Aggregation of model membrane proteins, modulated by hydrophobic mismatch, membrane curvature, and protein class.
Parton DL., Klingelhoefer JW., Sansom MSP.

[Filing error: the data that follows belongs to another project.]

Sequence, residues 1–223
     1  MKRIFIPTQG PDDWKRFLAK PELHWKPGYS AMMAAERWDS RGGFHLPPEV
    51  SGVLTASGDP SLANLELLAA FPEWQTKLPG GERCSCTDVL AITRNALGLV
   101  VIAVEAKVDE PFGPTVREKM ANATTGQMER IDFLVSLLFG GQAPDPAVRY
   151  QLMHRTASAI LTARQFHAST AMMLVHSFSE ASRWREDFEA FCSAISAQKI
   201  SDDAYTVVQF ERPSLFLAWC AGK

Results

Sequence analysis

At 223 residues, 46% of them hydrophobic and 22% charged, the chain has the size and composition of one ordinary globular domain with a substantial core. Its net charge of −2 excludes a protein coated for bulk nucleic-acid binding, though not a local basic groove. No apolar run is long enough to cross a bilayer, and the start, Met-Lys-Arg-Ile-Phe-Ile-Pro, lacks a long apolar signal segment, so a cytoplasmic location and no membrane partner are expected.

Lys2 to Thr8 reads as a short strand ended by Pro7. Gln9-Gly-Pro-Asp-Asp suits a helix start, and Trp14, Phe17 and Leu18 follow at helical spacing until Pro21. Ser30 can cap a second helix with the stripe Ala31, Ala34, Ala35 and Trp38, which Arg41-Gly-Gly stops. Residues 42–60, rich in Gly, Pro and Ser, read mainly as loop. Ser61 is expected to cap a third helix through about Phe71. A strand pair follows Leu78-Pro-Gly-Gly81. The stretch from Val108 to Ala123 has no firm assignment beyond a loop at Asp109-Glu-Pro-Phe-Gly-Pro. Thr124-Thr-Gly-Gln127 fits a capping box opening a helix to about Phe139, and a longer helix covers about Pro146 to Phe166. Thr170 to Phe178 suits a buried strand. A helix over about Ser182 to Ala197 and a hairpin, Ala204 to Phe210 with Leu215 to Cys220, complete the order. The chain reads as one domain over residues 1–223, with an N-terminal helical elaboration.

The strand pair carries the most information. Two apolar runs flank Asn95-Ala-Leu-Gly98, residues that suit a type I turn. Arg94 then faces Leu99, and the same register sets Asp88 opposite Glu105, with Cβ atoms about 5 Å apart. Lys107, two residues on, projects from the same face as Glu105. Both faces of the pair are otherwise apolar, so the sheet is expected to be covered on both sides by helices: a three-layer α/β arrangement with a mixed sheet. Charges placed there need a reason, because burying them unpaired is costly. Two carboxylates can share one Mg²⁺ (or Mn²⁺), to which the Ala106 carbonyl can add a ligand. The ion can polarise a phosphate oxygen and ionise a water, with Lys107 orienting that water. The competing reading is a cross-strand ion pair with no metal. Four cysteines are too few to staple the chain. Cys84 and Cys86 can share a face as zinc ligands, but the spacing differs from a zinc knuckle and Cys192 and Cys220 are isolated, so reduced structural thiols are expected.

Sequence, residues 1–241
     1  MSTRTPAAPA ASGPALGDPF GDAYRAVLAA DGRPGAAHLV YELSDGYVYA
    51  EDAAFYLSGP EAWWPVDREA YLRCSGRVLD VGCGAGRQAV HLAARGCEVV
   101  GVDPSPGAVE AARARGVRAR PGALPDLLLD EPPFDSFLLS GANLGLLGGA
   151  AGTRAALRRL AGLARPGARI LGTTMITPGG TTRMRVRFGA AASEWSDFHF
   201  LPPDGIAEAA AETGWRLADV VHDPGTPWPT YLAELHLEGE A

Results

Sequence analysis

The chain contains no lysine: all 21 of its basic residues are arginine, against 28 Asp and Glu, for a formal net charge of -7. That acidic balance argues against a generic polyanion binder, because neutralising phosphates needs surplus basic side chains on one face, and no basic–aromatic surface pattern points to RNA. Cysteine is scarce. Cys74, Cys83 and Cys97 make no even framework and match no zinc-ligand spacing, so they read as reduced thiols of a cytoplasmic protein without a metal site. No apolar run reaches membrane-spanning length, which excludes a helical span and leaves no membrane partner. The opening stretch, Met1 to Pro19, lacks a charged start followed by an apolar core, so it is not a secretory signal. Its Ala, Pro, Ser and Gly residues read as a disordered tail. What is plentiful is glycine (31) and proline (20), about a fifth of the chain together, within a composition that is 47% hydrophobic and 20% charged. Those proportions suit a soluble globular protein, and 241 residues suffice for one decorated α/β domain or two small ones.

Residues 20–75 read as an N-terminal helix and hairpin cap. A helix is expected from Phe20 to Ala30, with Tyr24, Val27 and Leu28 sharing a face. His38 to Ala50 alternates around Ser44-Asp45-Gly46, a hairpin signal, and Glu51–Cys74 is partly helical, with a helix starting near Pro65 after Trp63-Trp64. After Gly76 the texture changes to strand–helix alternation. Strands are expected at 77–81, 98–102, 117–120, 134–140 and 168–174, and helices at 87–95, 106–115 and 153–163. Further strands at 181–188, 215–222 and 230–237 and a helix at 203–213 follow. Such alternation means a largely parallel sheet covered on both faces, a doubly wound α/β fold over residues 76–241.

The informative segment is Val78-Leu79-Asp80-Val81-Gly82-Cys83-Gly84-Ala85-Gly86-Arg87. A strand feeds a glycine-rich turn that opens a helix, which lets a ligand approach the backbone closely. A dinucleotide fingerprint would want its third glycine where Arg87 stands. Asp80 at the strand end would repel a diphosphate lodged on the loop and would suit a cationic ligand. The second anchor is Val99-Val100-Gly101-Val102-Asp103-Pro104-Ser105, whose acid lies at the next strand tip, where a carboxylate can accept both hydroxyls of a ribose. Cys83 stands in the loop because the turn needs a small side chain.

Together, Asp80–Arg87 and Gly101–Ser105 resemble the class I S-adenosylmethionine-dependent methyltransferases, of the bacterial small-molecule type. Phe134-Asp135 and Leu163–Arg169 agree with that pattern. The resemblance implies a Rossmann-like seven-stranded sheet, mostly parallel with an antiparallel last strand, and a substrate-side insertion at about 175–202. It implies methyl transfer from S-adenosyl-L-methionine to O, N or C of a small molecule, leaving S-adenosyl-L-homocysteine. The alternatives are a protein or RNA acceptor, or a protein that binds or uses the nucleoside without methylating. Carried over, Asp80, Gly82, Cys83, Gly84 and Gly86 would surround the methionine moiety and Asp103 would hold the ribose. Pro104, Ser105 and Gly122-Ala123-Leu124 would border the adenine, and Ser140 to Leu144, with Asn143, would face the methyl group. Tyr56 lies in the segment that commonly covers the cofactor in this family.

Aggregation of transmembrane proteins is important for many biological processes, such as protein sorting and cell signaling, and also for in vitro processes such as two-dimensional crystallization. We have used large-scale simulations to study the lateral organization and dynamics of lipid bilayers containing multiple inserted proteins. Using coarse-grained molecular dynamics simulations, we have studied model membranes comprising ∼7000 lipids and 16 identical copies of model cylindrical proteins of either α-helical or β-barrel types. Through variation of the lipid tail length and hence the degree of hydrophobic mismatch, our simulations display levels of protein aggregation ranging from negligible to extensive. The nature and extent of aggregation are shown to be influenced by membrane curvature and the shape or orientation of the protein. Interestingly, a model β-barrel protein aggregates to form one-dimensional strings within the bilayer plane, whereas a model α-helical bundle forms two-dimensional clusters. Overall, it is clear that the nature and extent of membrane protein aggregation is dependent on several aspects of the proteins and lipids, including hydrophobic mismatch, protein class and shape, and membrane curvature.